Take Back the Night


By Bria Holness

As some may know, Take Back The Night was held last Wednesday, April 10th, from 7 to 10:30 p.m. Take Back The Night is an event that brings individuals from all backgrounds, sexual orientations, cultures, genders, and races together to speak out against sexual and relationship violence, along with other forms of oppression and bias. The event not only provides an opportunity for the community to declare that everyone has the right to live free from violence, but it gives those who have been affected a chance to voice their stories as well. According to takebackthenight.org, the first TBTN took place in 1976 when women who were attending the International Tribunal on Crimes Against Women lit candles and marched in the streets of Belgium to condemn violence against women. Since 2004, the Advocacy Center here at Syracuse University has been coordinating an annual TBTN event.

These are important issues that everyone should be aware of, especially in a college setting. As said at the event, most women are raped before they reach the age of 25. One in four college girls will be raped and many of these girls will be raped in the first few weeks of either their freshman or sophomore year. And unfortunately, most of these rapes will go unreported.

What can we do about this? There are many cases in which people are intimidated to help because they feel they are too young or don’t have the resources to help make a difference—but that isn’t true at all. Anyone can help. Here are a few ways suggested by the coordinators of Take Back The Night:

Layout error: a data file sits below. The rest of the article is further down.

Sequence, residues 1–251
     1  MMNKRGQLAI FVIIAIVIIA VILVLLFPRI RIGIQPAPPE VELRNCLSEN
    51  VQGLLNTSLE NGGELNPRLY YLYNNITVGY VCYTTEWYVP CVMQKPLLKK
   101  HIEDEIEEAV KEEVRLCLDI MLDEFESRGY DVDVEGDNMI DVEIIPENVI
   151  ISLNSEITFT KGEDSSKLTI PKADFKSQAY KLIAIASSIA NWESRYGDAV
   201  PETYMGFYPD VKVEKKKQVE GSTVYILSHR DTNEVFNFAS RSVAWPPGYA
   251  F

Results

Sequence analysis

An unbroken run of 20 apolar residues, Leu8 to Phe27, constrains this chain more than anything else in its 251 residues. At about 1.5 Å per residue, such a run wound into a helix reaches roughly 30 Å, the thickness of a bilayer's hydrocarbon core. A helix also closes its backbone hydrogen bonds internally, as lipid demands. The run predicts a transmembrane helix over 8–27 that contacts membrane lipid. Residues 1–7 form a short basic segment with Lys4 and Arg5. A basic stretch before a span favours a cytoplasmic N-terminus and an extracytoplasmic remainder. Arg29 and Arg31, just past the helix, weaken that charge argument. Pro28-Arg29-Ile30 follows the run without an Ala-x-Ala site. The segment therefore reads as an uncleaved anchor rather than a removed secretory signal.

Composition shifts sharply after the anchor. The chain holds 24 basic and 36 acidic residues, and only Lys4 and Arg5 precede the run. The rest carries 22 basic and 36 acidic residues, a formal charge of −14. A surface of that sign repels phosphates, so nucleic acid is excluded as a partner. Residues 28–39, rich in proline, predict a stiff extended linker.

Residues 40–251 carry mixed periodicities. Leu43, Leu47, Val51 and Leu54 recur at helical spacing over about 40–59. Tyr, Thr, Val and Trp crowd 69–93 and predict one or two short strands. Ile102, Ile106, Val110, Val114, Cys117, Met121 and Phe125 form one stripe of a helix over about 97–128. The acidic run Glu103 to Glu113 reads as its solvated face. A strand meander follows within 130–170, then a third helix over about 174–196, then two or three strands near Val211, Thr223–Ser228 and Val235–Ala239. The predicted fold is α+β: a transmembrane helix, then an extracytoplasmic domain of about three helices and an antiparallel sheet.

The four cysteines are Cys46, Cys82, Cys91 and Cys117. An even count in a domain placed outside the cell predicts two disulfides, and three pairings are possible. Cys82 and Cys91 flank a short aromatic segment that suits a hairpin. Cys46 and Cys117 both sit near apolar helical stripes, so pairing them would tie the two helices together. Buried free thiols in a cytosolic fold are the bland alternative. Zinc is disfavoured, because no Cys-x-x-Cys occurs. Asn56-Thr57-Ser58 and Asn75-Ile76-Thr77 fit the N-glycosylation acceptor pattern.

Take Action. If a friend, family member, classmate, or teammate is disrespectful or abusive to others, you may want to try speaking with him or her and urge him or her to seek help. If you don’t know what to do, consult a friend, parent, professor, counselor, the Advocacy center, or Residence Life staff.

If you suspect that someone close to you or even someone that you know is being abused or has been sexually assaulted, ask if you can help.

Seek professional help NOW if you are emotionally, verbally, physically, or sexually abusive to others, or have been in the past. (Syracuse resources: Vera House, (315) 425-0818; S.U. Counseling Center, (315) 443-4715)

Have the courage to look inward. Question and challenge your own attitudes and beliefs. Try hard to understand how your own attitudes and actions might unintentionally perpetuate violence, and work toward changing them. Attend workshops and programs aimed at reducing bias and hate crimes and increasing awareness of diversity issues on college campuses.

Think twice before purchasing any magazine, renting any video, subscribing to any web site, or buying any music that portrays people in a sexually degrading or abusive manner. You may not think so, but such material can insidiously creep into your mannerisms in how you speak, how you act, and what you think.

Be an ally to those who are working to end all forms of violence. Support the efforts of campus and community based organizations by attending such events and rallies like Take Back The Night. Speak out against bias and hate language. Go as far as supporting and involving yourself in LGBT organizations and causes. You can do so by connecting with the LGBT resource center on campus.

Fundraise for rape crisis centers, domestic violence shelters, and other community organizations that work to end violence. If you belong to a team, fraternity, sorority, or another student group, organize a fundraiser. Here on SU’s campus, the fraternities and sororities that have houses on Walnut Avenue and Comstock Avenue will display clean slate banners before Mayfest in action against sexual and relationship violence.

Volunteer with Advocacy Center on campus or Vera House in the Syracuse community.

Mentor and teach boys about how to be men in ways that allow men to access a full range of emotions and behaviors. Essentially, lead by example.